Full access
Lixin Wu, Zhengyu Liu, and Harley E. Hurlburt

Abstract

The effect of continental slope on buoyancy-driven circulation has been studied using a two-layer quasigeostrophic model. In the model, buoyancy flux is incorporated as interfacial mass flux, which consists of narrow intense detrainment in the north and broad entrainment in the south. The model explicitly shows that, in the presence of the continental slope, a small amount of buoyancy flux can drive a strong barotropic flow. This flow develops because the beta effect of bottom topography either reduces or deflects the buoyancy-driven deep flow so that it cannot compensate its overlying counterflow, thus generating a net transport. As a result, in a double gyre circulation with a western continental slope, a small amount of detrainment/entrainment water mass can substantially enhance the transport of the western boundary current through southwestern deflection of the deep subpolar circulation. For example, with a reasonable western continental slope, a 10 Sv (Sv ≡ 106 m3 s−1) detrainment mass flux can increase the transport of the western boundary current from 40 Sv of the wind-driven transport to 148 Sv. Relevance to the North Atlantic is then discussed.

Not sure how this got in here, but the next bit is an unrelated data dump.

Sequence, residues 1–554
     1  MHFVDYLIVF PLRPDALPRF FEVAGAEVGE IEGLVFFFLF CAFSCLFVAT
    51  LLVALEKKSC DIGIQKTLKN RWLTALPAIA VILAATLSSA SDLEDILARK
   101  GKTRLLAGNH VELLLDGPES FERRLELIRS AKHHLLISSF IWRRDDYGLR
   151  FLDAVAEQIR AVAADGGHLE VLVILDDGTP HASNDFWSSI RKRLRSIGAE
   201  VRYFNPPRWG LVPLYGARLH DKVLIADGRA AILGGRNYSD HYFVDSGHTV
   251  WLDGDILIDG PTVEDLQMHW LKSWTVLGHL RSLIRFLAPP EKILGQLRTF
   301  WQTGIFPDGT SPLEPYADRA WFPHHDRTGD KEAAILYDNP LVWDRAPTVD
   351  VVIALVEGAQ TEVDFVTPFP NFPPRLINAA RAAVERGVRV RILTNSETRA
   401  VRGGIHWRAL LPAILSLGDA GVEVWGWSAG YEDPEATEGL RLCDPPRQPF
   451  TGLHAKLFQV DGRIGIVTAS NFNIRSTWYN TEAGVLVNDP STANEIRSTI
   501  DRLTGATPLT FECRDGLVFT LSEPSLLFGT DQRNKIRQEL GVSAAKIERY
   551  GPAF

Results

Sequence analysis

Full access